As it is winter and just starting to get dark its round-up time for the ducks, checking the chickens are fed and the water trough is not frozen. Collect any eggs; pick up a carrot for the pony before returning her across the farmyard to her stable. Say goodbye to the herdsman having ensured everything is in order with the cattle. Although there is a herdsman in attendance during the day once he leaves the safety and security of the cattle and the farm now becomes our total responsibility. Luckily, I am happy to take on this responsibility.

Now dark but not yet 5 pm and the dogs require their evening meal again, under supervision.      The fires are checked again and the woodpile supply for them has to be replenished.

That sorted we can get our evening meal before taking out the dogs once again. All the dogs are very eager to be taken out so often as being on a farm it is both unsafe and unwise just to let them out on their own for many reasons. About 8 pm we can all sit down to watch a little TV, joined of course by three of the four dogs as the big old boy has his own resting place. The only disagreement between the dogs is who can get on whose lap for fuss. The third dog usually the youngest purchases himself on the back of the settee usually also on a human shoulder whichever one is free.

This makes the daily animal and human love in on the settee all worthwhile; we get our animal fix and is also a testament to the care we always endeavour to give having the animals except us so well that they are happy to snuggle up with us.

Bedtime arrives with a final walk by torchlight for the dogs; ensure the cat is also in. Stoke up the fires for the night, a security check of the house, making sure the dogs are safe and settled down and then we can retire: another day is done and another to follow.

Repeat Clients

Jacky & friends!

Both Jacky and I started pet and house sitting not only for our animal fix, having returned from Spain, but also because we believe in what Nina’s Nannies for Pets are trying to do. We have now just about completed 2 years as sitters and love it. We have a lot of repeat clients who are happy to put their pets and homes in our charge. All of our clients are lovely to work with and there is not a single pet we do not enjoy looking after.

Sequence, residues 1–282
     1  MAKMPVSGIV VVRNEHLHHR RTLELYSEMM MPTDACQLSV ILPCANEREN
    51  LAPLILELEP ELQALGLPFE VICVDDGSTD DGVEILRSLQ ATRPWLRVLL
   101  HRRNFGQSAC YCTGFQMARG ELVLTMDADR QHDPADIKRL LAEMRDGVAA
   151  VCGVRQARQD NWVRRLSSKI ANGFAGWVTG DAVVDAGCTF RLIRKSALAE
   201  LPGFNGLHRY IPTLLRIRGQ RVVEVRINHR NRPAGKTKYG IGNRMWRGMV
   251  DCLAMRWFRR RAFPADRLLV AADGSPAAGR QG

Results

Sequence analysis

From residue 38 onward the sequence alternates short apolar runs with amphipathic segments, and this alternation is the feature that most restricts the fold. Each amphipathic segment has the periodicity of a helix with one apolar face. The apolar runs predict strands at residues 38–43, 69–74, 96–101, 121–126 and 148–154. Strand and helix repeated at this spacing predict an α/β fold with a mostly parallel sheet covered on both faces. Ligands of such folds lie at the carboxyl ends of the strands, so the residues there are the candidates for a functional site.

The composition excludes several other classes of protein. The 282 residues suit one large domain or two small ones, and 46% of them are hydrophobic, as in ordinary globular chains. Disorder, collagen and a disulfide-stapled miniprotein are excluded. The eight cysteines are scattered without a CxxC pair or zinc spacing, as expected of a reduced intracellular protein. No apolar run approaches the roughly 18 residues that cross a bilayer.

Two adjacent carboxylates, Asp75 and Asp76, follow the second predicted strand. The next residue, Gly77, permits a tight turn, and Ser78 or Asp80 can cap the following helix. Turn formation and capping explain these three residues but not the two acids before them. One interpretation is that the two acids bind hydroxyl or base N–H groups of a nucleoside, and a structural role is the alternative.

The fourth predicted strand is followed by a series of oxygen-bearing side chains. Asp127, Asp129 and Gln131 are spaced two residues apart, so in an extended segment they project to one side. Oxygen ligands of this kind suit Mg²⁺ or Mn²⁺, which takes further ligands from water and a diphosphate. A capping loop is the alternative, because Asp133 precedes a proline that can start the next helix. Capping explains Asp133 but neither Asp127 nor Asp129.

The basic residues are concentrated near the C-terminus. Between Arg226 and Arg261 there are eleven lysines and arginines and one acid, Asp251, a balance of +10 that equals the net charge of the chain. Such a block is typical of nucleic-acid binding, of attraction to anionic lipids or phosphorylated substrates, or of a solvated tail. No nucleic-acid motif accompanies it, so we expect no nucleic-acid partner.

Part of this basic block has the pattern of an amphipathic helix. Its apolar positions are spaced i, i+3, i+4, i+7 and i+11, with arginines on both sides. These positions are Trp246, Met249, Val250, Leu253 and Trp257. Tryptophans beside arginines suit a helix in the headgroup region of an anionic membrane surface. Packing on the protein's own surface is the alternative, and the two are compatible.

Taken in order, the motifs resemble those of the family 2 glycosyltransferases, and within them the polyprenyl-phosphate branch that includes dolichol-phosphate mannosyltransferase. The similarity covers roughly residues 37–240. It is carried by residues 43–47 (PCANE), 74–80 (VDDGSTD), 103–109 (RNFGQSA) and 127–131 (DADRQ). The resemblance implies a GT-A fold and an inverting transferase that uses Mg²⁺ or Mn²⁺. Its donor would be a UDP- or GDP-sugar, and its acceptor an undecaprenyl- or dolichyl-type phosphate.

Do we have our favourite houses and pets to look after? The answer is we love all our charges;  all are different and keep us on our toes.

As to a favourite client, the answer is the same and that would be telling anyway!

For information about pet/dog/home sitting as a profession, Become a pet sitter

Pet Loss – Pet Bereavement – Help Guide

Saying Goodbye

The death of a much-loved pet can be devastating and saying goodbye can be an extremely tough and emotional time, especially for the elderly for whom their pet is often their only companion.

Just like the death of a human family member, losing a pet can result in the same set of emotions and in some cases, the devastation and pain can be worse!

What if!

All too often the death of our pets will make us question our decisions and the guilt can be unbearable.  Was there more that could have been done?  Should I have picked up on illness sooner?  What if I had been home when my pet fell ill!

It is all too easy for us to focus on self-criticism and find guilt where there is none and distorted conclusions can plague us for months, even though such feelings are completely illogical.

Euthanasia

This is never an easy decision, but we should never prolong a pet’s suffering.  It is often said that your pet will know when it is time, but it does not lessen the burden of guilt.

A good veterinarian will help you decide when the time is right and should never allow your pet to suffer needlessly and they will assist you through such a difficult time.

Unexpected death

There are two schools of thought when your pet dies unexpectedly.  The first being that it is in some ways easier and the second that some people may think that they should have detected symptoms earlier.

For some pet owners, an unexpected death is thought easier since they do not have to make that difficult decision to have their pet put to sleep.  We all hope that our pets will die peacefully, but this rarely happens.

Children

The finality of death is a difficult concept to explain to a child and they need to understand the finality.